Applies to: All products
The Sample Rate is the number of audio samples that are captured per second. Sample Rate values are typically written in kHz (kilohertz).
Common Sample Rates: 44.1, 48, 88.2, 96, 176.4, 192 kHz
As an example, when recording using a sample rate of 48kHz, 48000 (forty-eight thousand) samples are being captured each second by your audio recording device.
If we increase the sample rate then we're capturing more samples of the incoming audio signal each second.
The maximum frequency that can be captured correctly by a recording device1 is limited by the sample rate the device is set to. There's quite a simple rule2 to this:
Sample rate / 2 = maximum frequency that can be correctly captured
This means that when using a sample rate of 48kHz we can capture frequencies up to 24kHz. The range of human hearing stretches from around 20Hz up to 20kHz (though we tend to lose the ability to hear the frequencies at the top of this range as we get older) so sample rates of 44.1/48kHz are more than capable of capturing the full range of the audible spectrum.
As such, the vast majority of digital music available by typical distribution methods (streaming on Spotify/Apple Music, CDs) is presented at a 44.1kHz sample rate, audio for film tends to be at 48kHz3.
What's the point of the higher sample rate options then?
Since sample rates of 44.1/48kHz allow us to capture frequencies spanning the full range of human hearing, you may well be wondering what the purpose of higher sample rate options is.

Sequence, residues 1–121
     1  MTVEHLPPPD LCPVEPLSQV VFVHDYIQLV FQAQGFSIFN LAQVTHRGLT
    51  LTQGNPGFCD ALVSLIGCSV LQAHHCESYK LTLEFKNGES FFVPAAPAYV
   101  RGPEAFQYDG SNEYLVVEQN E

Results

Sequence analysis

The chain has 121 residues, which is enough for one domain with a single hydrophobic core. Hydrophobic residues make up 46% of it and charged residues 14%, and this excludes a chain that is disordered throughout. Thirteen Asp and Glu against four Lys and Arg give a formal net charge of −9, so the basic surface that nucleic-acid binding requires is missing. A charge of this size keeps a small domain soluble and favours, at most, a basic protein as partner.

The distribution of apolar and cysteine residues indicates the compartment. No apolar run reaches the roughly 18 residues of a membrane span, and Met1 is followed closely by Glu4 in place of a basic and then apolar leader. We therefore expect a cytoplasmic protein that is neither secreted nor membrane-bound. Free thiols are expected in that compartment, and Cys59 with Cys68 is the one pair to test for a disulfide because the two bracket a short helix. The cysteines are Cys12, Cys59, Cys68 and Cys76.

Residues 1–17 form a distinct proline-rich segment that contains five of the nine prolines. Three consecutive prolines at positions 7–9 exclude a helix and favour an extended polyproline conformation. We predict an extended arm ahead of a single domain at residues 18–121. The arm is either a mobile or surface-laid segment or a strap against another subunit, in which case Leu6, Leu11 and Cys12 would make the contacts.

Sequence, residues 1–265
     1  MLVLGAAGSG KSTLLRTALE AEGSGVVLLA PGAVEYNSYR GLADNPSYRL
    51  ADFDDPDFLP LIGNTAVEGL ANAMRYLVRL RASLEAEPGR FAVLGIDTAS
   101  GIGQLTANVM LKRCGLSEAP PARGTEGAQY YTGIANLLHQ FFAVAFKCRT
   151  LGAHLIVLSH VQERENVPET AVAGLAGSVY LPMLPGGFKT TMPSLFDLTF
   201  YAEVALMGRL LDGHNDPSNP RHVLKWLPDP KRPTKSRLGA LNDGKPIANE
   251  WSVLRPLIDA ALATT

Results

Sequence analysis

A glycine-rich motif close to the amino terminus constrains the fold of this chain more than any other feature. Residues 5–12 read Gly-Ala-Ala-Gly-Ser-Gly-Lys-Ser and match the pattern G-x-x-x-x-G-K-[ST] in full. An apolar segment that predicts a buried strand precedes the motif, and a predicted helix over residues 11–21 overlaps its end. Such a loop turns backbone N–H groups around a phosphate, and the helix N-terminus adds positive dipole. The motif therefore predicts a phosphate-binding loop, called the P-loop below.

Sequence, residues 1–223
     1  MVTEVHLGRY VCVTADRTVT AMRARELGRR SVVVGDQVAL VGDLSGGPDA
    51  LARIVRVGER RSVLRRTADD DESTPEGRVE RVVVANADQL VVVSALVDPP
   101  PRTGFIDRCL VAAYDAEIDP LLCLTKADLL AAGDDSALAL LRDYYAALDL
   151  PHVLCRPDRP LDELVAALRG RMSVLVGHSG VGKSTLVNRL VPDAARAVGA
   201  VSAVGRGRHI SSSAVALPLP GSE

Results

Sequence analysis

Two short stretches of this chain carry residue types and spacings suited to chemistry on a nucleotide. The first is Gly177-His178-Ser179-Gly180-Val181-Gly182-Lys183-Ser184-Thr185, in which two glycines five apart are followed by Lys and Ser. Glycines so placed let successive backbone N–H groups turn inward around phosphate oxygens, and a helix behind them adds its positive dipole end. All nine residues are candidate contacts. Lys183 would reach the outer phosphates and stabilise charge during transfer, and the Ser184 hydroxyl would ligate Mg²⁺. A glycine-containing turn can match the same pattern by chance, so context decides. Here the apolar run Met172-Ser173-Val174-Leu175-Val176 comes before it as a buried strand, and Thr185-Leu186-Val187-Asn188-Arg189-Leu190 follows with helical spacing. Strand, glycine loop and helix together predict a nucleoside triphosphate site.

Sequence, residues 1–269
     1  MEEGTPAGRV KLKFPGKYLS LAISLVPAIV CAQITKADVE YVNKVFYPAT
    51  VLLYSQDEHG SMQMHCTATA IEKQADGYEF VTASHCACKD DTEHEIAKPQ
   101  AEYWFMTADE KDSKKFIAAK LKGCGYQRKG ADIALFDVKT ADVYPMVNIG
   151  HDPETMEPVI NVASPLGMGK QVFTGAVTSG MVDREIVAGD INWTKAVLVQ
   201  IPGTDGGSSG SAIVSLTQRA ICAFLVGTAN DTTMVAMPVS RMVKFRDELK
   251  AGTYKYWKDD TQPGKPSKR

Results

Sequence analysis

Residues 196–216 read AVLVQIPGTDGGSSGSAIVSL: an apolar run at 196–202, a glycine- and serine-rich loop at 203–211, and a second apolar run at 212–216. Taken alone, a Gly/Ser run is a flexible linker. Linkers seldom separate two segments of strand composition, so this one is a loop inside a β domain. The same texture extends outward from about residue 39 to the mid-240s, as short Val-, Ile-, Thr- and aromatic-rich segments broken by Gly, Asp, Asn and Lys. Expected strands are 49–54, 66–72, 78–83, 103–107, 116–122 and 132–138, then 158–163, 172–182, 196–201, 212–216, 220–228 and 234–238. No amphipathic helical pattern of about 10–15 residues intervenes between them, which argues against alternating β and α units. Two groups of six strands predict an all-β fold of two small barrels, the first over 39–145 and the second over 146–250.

There has been an ongoing debate in the audio community for quite some time regarding the value (or lack thereof) of using higher sample rates for situations that don't fall into the above categories (i.e. for general recording purposes). We won't get into that here...
Bit Depth is the number of “bits” captured in each sample per second.
As this changes so does the dynamic range which is the difference between the lowest and highest volume of a signal that can be recorded. As you increase bit depth, you expand the threshold of what can be heard and recorded by your recording software although the maximum range of human hearing typically does not exceed 120 dB.
Common Bit Depths: 16, 24
Buffer Size is the amount of time allowed for your computer to process the audio of your sound card or audio interface.
This applies when experiencing latency, which is a delay in processing audio in real-time. You can reduce your buffer size to limit latency but this can result in a higher burden on your computer which can cause glitchy audio or drop-outs.
This can generally be fixed by increasing your buffer size in the audio preferences of your DAW or driver control panel.
When introducing more audio to your session, you may need a larger buffer size in order to accurately record the signal with no distortion and limited latency. Increasing the buffer size will allow more time for the audio to be captured without distortion.
It is important to find the appropriate buffer size for your session as this can vary depending on the number of tracks, plug-ins, audio files etc...
1 This assumes that neither the analogue circuitry nor the analogue to digital converter, in the input stage have any filtering to cut out or attenuate higher frequencies.
2 This rule is known as the Nyquist Theorem.
3 Audio for film tends to be recorded at either 48kHz or a higher multiple of 48kHz for better synchronisation against film frame rates.